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RESEARCH LITERATURE

The Research Literature database was created and funded by the Florida Wildflower Foundation. Use the search features below to find scientific articles on native wildflowers that are commercially available or used in restoration projects.

About Research Literature Frequently Asked Questions Related Links

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Related Links

Atlas of Florida Vascular Plants: The Atlas of Florida Vascular Plants is a joint effort by the Institute for Systematic Botany, the University of South Florida and the Florida Center for Community Design + Research to provide users with a comprehensive searchable database of vascular plants in the State of Florida (http://florida.plantatlas.usf.edu).

USDA PLANTS Database: The database provides standardized information about the vascular plants, mosses, liverworts, hornworts, and lichens of the United States and its territories. It includes names, plant symbols, checklists, distributional data, species abstracts, characteristics, images, crop information, automated tools, onward Web links, and references. This information primarily promotes land conservation in the United States and its territories, but academic, educational, and general use is encouraged. PLANTS reduces government spending by minimizing duplication and making information exchange possible across agencies and disciplines (http://plants.usda.gov)

Lady Bird Johnson Wildflower Center Native Plant Information Network (NPIN): The network's goal is to assemble and disseminate information that encourages the sustainable use and conservation of native wildflowers, plants and landscapes throughout North America (http://www.wildflower.org/plants/).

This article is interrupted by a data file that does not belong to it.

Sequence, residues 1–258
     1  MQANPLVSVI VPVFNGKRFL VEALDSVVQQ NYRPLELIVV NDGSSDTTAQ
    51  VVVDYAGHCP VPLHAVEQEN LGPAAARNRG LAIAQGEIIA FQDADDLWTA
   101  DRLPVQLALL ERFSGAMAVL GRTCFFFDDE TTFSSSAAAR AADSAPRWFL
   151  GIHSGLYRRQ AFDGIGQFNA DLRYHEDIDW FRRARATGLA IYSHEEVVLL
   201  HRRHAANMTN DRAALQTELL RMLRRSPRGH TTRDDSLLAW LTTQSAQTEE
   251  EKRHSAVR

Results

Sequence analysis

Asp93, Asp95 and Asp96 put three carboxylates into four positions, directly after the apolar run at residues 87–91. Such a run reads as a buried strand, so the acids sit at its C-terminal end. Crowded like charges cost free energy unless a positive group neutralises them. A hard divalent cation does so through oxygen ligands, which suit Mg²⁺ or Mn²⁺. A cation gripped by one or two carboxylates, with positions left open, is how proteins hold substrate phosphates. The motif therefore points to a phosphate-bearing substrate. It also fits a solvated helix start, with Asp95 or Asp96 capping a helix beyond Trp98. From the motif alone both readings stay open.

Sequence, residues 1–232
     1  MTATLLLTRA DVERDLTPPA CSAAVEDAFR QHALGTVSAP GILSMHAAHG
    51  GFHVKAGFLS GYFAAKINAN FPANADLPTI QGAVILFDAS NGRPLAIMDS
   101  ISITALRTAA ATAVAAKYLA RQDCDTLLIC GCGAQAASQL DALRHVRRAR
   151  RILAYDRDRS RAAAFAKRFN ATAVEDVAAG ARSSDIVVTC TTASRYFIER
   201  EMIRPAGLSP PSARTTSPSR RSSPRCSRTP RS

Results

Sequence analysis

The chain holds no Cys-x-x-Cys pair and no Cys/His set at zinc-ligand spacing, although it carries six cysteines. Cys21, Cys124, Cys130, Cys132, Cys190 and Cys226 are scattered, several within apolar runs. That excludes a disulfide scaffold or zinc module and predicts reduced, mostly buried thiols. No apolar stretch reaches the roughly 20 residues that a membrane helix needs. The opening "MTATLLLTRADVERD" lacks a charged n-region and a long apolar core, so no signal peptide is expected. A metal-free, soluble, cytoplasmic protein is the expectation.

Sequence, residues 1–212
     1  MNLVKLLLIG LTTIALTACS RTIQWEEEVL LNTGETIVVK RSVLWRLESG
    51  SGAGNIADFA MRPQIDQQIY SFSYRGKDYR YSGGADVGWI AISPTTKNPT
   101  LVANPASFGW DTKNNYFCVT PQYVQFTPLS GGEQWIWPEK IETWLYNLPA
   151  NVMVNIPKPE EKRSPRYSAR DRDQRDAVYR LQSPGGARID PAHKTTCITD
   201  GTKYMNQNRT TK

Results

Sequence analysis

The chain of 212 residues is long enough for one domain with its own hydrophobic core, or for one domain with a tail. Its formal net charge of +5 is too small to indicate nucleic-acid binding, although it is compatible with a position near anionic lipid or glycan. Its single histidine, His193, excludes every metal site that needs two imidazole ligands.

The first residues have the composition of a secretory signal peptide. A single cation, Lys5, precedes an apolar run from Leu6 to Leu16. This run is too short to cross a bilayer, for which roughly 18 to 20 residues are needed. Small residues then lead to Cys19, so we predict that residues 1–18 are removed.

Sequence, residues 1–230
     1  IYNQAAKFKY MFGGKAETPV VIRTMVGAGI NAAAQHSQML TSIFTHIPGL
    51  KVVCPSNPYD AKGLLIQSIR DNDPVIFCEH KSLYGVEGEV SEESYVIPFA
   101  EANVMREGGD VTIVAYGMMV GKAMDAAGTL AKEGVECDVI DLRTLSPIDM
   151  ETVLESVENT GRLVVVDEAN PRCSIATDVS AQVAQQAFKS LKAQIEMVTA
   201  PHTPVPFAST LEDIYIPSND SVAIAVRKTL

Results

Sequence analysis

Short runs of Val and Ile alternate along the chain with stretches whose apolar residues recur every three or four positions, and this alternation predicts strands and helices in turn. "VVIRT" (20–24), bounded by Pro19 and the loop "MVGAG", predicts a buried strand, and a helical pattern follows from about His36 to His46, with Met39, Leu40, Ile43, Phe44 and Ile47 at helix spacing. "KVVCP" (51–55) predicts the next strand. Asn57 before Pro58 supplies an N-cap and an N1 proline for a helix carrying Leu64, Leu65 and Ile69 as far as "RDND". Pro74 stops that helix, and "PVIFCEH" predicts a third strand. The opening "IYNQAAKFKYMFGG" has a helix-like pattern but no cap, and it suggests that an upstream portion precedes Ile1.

Links to full text of articles:

Article Link (DOI): The Digital Object Identifier (DOI) system assigns a unique, permanent link to journal articles. Clicking on the link will open a new page with the journal article. Access to the full article will depend on the article's copyright restrictions and the institutional or other access of the user; however, the abstract and author's email address are usually accessible free of charge. You can also search for the DOI by putting http://dx.doi.org/ in front of the DOI and pasting it into a web browser. For example, if the DOI is 10.3159/07-RA-013.1, pasting http://dx.doi.org/10.3159/07-RA-013.1 in the address line of a web browser will bring up the article. See the DOI website for more information (http://www.doi.org/).

Article Link (JStor): This is a stable link to the article in JStor, which archives articles from hundreds of scientific journals. Many older articles (and some current articles) are archived in JStor. Access to the full article will depend on its copyright restrictions and the user's institutional or other access; however, the abstract and author's email address are usually accessible free of charge. See the JStor website for more information (http://www.jstor.org/).

Link to WorldCat and ISSN: WorldCat is the world's largest network of library content and services. It enables users to search the collections of thousands of libraries worldwide. The ISSN (International Standard Serial Number), the standardized international code, allows the identification of any serial publication. See the ISSN (http://www.issn.org/) and World Cat (http://www.worldcat.org/) websites for more information. Searching for the ISSN in WorldCat will bring up a list of libraries that carry that periodical. If you enter your zip code into WorldCat, the libraries will be listed by distance to the zip code.

Link to Journal Website: If there is no DOI or JStor link available, a link to the journal's website is provided.

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